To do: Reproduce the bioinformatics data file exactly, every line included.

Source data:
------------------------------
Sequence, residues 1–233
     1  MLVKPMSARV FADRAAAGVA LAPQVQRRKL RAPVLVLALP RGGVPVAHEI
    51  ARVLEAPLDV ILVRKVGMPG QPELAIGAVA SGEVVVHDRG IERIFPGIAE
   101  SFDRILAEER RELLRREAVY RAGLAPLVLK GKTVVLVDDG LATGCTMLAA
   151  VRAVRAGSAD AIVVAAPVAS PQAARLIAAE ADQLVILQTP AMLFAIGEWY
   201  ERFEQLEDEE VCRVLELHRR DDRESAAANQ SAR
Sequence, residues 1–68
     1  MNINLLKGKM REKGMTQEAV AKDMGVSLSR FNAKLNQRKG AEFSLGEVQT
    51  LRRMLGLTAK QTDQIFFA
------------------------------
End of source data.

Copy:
Sequence, residues 1–233
     1  MLVKPMSARV FADRAAAGVA LAPQVQRRKL RAPVLVLALP RGGVPVAHEI
    51  ARVLEAPLDV ILVRKVGMPG QPELAIGAVA SGEVVVHDRG IERIFPGIAE
   101  SFDRILAEER RELLRREAVY RAGLAPLVLK GKTVVLVDDG LATGCTMLAA
   151  VRAVRAGSAD AIVVAAPVAS PQAARLIAAE ADQLVILQTP AMLFAIGEWY
   201  ERFEQLEDEE VCRVLELHRR DDRESAAANQ SAR
Sequence, residues 1–68
     1  MNINLLKGKM REKGMTQEAV AKDMGVSLSR FNAKLNQRKG AEFSLGEVQT
    51  LRRMLGLTAK QTDQIFFA